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Imac007
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06-19-2019, 11:38 PM

Quote:
Originally Posted by z0nt0n3r View Post
i think that the 'do all your aiming while standing' advice can be dangerous,at least it was for me because for years i was trying to find the right stance/pre-shot routine that would align me perfectly almost everytime to the shot line when in reality,it isn't possible,at least for me no matter how many hours i practice.the advice should be 'do most of your aiming while standing',because many players need to do slight bridge/backhand adjustments when down on the shot.but when you get down and you feel you're aiming way off i think you should get back up and start the process again,maybe the bridge adjustment is only effective when the aiming is very slightly off.
Another way to get aligned is to align the cue first then arrange the body to cue down the target line. This instructor coached the woman who recently shot a snooker 147. Foreign dialogue warning.

https://youtu.be/93xsb5zTaYs
https://youtu.be/uE4mKqUeYc8
https://youtu.be/9IhVTwEcvGw
https://youtu.be/aSzf5IIH-qo

Regardless of how you get there, the line needs to be primary. Iíve seen a snooker coach use rests to prop up a cue on the shot line. Once he aligned a straight in from one end he checked the cue line from the pocket end. Then with help, the rests were removed so he could cue down a known accurate aim line. If the cue is on line then what remains is the cueing action. This helps tell you where you are. Itís hard to arrive at a destination without knowing a starting point.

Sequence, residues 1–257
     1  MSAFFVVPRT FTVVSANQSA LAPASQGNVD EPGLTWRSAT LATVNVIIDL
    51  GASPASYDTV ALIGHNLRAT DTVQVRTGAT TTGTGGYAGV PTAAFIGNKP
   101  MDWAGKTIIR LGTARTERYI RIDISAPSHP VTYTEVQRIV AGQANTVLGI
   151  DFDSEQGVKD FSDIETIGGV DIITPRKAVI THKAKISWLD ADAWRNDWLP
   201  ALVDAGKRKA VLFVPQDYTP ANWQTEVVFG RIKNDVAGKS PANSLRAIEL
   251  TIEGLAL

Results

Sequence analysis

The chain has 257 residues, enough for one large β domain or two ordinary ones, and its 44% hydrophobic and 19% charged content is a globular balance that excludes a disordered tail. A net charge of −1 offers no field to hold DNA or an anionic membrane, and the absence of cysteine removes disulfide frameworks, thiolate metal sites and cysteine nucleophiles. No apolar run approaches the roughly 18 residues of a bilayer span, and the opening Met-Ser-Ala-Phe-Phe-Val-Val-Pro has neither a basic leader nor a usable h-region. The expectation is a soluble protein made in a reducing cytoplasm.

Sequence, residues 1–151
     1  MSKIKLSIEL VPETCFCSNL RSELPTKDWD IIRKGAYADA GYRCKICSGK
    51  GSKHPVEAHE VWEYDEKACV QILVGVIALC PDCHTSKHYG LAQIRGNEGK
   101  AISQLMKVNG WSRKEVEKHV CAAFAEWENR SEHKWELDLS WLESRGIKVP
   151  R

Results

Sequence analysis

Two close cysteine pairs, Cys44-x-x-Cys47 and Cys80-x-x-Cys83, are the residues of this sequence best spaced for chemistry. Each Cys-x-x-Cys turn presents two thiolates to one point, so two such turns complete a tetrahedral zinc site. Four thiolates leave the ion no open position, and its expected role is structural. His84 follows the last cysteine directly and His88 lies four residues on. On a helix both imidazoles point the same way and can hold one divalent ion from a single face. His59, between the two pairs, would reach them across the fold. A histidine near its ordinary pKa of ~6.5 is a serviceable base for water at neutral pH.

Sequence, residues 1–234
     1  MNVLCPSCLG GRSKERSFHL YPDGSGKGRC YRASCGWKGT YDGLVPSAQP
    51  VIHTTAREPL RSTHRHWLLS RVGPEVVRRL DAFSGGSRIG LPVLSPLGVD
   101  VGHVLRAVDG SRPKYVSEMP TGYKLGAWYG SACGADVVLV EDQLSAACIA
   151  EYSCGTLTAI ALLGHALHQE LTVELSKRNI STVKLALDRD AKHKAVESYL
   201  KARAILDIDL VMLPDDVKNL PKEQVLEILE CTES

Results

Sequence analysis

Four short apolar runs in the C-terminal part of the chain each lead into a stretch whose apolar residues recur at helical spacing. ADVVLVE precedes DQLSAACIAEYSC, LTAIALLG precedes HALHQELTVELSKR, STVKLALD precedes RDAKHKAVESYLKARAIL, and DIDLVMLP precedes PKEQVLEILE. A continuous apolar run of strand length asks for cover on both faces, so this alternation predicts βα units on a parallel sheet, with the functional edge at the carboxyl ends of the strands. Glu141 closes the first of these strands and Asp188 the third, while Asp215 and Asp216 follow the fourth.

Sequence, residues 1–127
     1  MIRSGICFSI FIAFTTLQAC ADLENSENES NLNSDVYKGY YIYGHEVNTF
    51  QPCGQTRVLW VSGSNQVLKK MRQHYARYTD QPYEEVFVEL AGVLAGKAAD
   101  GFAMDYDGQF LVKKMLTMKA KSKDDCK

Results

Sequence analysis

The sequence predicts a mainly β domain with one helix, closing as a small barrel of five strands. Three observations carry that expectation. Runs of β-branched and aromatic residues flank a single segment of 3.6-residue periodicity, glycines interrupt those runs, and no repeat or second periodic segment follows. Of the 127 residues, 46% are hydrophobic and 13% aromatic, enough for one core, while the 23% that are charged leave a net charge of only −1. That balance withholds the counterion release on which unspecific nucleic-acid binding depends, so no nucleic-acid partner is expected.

Shoot cue balls straight into pockets. Try to end with the cue pointing there after the ball is pocketed. Take away the psychological effect of the object ball. This is a good warm up. Lining up then closing your eyes before shooting is a good transition. Hold the finish and open the eyes. Is it still on target. I have used this as a coping strategy when I'm not in stroke. It forces me to trust both aim and cueing.

Regardless of method, line up then lower the cue straight down on the table on the line you chose. Get up and look at the shot from both ends. How was your alignment? Get back from the cue and see if it looks aligned from a distance. Check from the object ball side to see if it appears to aimed correctly.

I no longer grip my cue with a wrap around. My forefinger is triggered when I hold the cue pointed away from my cueing side. My thumb and forefinger only squeeze the cue from the sides. If in the process of shooting I happen to tighten my grip, equal pressure from both sides will not twist the cue off line. The elbow hinge sends the cue down the line.

Take a backswing, stop then lower the cue onto the table. Is it still aligned? Find out where you are at each stage of the shot. Fix things one at a time, if you need to. Multiple problems are harder to diagnose and fix. You need to trust your body. If itís sensing a need to twist the cue to get an outcome, somethingís wrong. Donít diagnose. Get up and start over. Shoot when you donít sense a need to compensate or adjust.

That felt need to add a hand action is a calibration tool. Itís feedback. It predicts. Itís saying that how youíre aligned WONíT WORK without modification. Sense how it would adjust to try to get a better outcome. Use that information when you get up to re-align or decide on a different shot.
  
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